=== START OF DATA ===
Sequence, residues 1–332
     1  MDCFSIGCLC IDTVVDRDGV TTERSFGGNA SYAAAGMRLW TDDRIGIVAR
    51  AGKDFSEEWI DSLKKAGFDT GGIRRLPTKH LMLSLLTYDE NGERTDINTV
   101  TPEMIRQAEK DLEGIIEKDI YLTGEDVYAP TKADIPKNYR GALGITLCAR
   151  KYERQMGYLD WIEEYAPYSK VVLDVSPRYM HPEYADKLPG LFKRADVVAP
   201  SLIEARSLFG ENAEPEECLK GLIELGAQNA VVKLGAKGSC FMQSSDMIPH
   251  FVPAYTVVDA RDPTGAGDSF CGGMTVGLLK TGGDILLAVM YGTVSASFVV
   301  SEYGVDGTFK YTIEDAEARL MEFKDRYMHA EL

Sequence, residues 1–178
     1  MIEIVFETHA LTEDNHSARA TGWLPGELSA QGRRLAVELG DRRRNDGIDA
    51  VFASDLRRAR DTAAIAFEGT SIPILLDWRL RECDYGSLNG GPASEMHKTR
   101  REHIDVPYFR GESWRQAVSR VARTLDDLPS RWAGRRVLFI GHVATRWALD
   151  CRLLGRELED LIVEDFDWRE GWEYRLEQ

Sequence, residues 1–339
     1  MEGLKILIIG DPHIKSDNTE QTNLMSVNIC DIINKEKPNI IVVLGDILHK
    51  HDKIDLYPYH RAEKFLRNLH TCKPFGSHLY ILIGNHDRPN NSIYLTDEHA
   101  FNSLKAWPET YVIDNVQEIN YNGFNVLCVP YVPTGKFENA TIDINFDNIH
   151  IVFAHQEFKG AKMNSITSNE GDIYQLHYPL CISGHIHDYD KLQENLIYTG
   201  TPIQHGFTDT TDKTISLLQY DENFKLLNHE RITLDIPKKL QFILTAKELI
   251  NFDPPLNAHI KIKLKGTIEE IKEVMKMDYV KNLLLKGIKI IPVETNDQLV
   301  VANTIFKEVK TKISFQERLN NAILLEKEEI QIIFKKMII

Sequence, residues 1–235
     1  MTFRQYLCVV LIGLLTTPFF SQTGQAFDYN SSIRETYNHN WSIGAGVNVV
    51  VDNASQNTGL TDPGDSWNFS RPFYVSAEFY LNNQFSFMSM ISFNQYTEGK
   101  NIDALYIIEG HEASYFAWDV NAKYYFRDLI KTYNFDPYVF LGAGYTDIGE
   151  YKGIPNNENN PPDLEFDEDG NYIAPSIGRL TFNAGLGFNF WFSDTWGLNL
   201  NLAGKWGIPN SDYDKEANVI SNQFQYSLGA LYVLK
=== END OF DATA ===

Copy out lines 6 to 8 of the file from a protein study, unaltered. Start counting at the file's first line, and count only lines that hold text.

   201  SLIEARSLFG ENAEPEECLK GLIELGAQNA VVKLGAKGSC FMQSSDMIPH
   251  FVPAYTVVDA RDPTGAGDSF CGGMTVGLLK TGGDILLAVM YGTVSASFVV
   301  SEYGVDGTFK YTIEDAEARL MEFKDRYMHA EL